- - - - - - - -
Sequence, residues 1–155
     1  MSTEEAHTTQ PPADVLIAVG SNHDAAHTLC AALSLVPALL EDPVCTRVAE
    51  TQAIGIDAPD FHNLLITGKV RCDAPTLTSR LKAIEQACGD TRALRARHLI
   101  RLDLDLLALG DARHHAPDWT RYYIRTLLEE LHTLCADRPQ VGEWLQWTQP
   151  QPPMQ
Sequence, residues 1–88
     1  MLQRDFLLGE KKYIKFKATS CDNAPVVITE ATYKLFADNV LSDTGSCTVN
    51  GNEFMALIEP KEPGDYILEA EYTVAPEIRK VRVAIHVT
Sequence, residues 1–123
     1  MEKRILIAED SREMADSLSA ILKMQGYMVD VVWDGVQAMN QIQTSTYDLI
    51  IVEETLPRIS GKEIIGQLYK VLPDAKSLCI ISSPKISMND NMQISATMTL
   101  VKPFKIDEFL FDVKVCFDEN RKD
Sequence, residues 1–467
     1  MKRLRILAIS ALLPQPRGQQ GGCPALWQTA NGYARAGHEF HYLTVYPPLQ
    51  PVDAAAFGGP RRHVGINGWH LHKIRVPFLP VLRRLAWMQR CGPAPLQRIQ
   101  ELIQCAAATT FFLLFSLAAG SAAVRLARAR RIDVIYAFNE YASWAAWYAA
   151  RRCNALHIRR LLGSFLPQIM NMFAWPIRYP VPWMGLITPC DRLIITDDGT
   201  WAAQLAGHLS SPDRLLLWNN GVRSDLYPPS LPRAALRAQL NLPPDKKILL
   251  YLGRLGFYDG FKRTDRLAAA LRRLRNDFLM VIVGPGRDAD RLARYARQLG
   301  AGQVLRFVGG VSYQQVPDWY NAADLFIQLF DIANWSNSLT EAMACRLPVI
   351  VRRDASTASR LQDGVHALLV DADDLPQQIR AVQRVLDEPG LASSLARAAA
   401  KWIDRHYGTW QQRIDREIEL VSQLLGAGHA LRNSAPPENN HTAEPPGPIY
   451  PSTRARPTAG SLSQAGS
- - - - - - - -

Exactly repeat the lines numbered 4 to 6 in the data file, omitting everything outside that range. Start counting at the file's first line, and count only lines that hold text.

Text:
   101  RLDLDLLALG DARHHAPDWT RYYIRTLLEE LHTLCADRPQ VGEWLQWTQP
   151  QPPMQ
Sequence, residues 1–88